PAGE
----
You Know Her
Meagan Jennett’s You Know Her is a crackerjack debut thriller. A book about a serial killer is not necessarily notable; there are many of those on the racks at bookstores. Books about female serial killers are in somewhat shorter supply, and a book in which said female serial killer is a narrator is fairly unusual. But here’s the kicker: You kinda want her to get away with it. Our soon-to-be-murderer Sophie Braam is a bartender when You Know Her begins. She has seen it all, and most of what she has seen has not been pretty. And then one day, a minor grievance becomes the proverbial backbreaking straw. A stolen glass of wine should not be a death sentence, you might argue, but if you had that argument with Sophie, there’s a good chance she would bring you around to her way of thinking. Sophie’s new best friend (although it is a somewhat guarded friendship) is police officer Nora Martin, one of the investigators of the first of Sophie’s murders. Nora has also seen it all, or so she thinks, but nothing can really prepare her for Sophie. Which brings us to kicker number two: You also kinda want the skillful, hardworking Nora to solve the murders. She deserves a big win to help her rise to the rank of detective, which would be a reward to be savored in her toxic, good-ol’-boy, small-town police department. Only one can win—let the games begin.
The Last Heir to Blackwood Library
Hester Fox’s The Last Heir to Blackwood Library contains romance, fantasy, the occult and religious zealotry gone off the rails; in short, it’s not your standard whodunit. However, fans of supernaturally tinged mysteries from authors such as T. Jefferson Parker and John Connolly will be intrigued by this historical spin on the subgenre, and other readers will be enticed by Fox’s first-rate writing, which is engrossing from page one. In 1927 London, the fortunes of one Ivy Radcliffe have radically changed. One day, she is sharing a drafty bed-sit apartment with her best friend and living hand to mouth. The next day, she is anointed Lady Hayworth, complete with manor house, staff, motorcar, income and a couple of handsome potential suitors. However, the solicitor who informed Ivy of her windfall neglected to tell her about the previous title holders, all of whom met with a premature and mysterious death. The Last Heir to Blackwood Library hews more closely to the mystery and suspense genre than to any other, I would say. And even though it’s more of a “whatdunit” than a whodunit, mystery readers of all types will enjoy it.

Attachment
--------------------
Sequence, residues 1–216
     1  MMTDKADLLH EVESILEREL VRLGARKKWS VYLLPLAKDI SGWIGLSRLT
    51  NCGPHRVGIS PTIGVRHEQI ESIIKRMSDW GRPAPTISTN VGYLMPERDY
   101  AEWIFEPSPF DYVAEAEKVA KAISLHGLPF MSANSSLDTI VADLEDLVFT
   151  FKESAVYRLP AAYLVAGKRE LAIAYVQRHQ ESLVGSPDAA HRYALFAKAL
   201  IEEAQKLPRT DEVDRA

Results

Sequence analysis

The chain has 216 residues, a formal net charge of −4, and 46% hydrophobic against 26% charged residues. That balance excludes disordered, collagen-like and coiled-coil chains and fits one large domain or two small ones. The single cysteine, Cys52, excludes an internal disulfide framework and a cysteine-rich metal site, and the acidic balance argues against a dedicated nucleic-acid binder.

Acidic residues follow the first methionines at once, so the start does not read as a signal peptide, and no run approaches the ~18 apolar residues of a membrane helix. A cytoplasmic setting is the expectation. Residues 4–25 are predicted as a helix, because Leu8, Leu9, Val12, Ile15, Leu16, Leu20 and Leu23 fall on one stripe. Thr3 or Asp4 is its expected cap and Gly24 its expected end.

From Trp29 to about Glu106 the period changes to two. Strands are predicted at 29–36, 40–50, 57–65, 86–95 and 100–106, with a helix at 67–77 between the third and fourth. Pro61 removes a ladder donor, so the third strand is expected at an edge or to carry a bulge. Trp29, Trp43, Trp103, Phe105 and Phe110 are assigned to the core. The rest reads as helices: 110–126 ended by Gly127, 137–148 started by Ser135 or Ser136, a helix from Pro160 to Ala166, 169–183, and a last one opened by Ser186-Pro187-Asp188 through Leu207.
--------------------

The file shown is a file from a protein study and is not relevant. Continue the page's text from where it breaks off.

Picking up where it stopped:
So Shall You Reap
There are series that readers return to again and again for nonstop action or a “ripped from the headlines” vibe. And then there are series that readers devour because the protagonist is a person of evident strength of character. Martin Walker’s Chief of Police Benoit “Bruno” Courreges, for example, or Louise Penny’s Chief Inspector Armand Gamache. Donna Leon’s Commissario Guido Brunetti would emerge close to the top of any such list as well. As So Shall You Reap opens, Leon’s Venetian sleuth visits a lovely, albeit somewhat neglected, old palazzo to inquire for a friend as to whether the property is for sale. A Sri Lankan man answers the door and informs him that the house is not on the market. It will not be their last interaction: The following evening, Brunetti will identify the man’s body after it is pulled from a canal. The subsequent investigation unearths inflammatory political screeds both from Sri Lanka and Italy in the man’s personal effects, which seem to be at odds with his devout Buddhism and calm demeanor during his interaction with Brunetti. It tosses Brunetti’s thoughts back to his time at university, when he was somewhat more radical in his politics than he is now as a world-weary policeman approaching retirement age. Italy in Brunetti’s younger days was plagued with bombings, kidnappings and murders, some of which are still unsolved. But one of them is about to be solved, in part by the dogged persistence of Brunetti, and in part by the almost humanlike persistence of a dog. This is the 32nd book in the series, and if it is your first Commissario Brunetti mystery, you will most likely turn immediately to the other 31.
Heart of the Nile
Although many readers regard Will Thomas’ Barker & Llewelyn mysteries as an homage to those starring Sherlock Holmes and Dr. Watson, I would suggest that they more closely resemble Rex Stout’s Nero Wolfe and Archie Goodwin mysteries. In both cases, the main sleuth’s assistant is the narrator, with both Goodwin and Llewelyn taking a decidedly tongue-in-cheek tone, especially in regard to the vicissitudes of their curmudgeonly senior partners. Both teams regularly run circles around the cops, be it NYPD or Scotland Yard, engendering awe (occasionally) and annoyance (much more regularly). Thomas’ latest mystery, Heart of the Nile, is the 14th installment in the series. It deals with the discovery of a mummy in the British Museum’s collection of ancient artifacts, the treasure trove of looted antiquities fondly known as “England’s Attic.” This particular mummy, however, may be the remains of Egypt’s most famous queen, Cleopatra. Supporting that notion is an immense uncut ruby laid in the chest cavity once occupied by her heart. The ruby disappears, people start to meet untimely and violent deaths, and Cyrus Barker and Thomas Llewelyn are summoned to unravel the mystery. This is an exceptionally entertaining series, jampacked with Victorian arcana and 19th-century London history, anchored by the quick wit and pithy observations of narrator Llewelyn.